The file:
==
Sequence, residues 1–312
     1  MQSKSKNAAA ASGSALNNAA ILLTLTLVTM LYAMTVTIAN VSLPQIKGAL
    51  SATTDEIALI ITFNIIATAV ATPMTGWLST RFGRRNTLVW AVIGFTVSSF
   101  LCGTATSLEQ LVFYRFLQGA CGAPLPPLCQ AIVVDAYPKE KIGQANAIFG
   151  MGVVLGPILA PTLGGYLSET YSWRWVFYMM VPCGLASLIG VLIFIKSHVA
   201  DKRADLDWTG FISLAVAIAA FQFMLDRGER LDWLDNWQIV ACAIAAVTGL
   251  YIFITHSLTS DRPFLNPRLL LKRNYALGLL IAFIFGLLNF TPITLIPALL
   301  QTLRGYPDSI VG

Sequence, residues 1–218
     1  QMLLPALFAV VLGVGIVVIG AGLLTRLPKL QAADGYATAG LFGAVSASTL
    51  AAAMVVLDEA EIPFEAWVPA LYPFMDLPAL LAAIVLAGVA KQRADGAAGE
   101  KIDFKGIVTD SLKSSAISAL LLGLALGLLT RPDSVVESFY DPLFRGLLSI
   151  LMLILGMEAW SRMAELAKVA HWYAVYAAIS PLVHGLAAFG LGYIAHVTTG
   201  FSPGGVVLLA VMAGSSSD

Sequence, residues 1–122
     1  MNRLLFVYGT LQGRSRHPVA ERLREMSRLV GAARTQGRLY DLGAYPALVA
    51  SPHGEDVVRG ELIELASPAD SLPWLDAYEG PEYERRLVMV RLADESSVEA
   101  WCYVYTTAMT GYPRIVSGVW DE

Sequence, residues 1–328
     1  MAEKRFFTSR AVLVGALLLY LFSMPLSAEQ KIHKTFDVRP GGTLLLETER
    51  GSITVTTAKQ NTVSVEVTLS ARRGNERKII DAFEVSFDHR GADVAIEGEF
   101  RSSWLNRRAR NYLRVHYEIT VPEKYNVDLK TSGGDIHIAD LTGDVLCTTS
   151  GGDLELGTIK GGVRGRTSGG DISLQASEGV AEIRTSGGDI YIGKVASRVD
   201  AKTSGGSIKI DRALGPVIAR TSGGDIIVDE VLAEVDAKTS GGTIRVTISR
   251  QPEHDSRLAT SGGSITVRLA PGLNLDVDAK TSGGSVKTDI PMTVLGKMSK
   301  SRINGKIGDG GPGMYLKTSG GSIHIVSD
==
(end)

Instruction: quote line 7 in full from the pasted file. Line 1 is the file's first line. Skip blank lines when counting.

   251  YIFITHSLTS DRPFLNPRLL LKRNYALGLL IAFIFGLLNF TPITLIPALL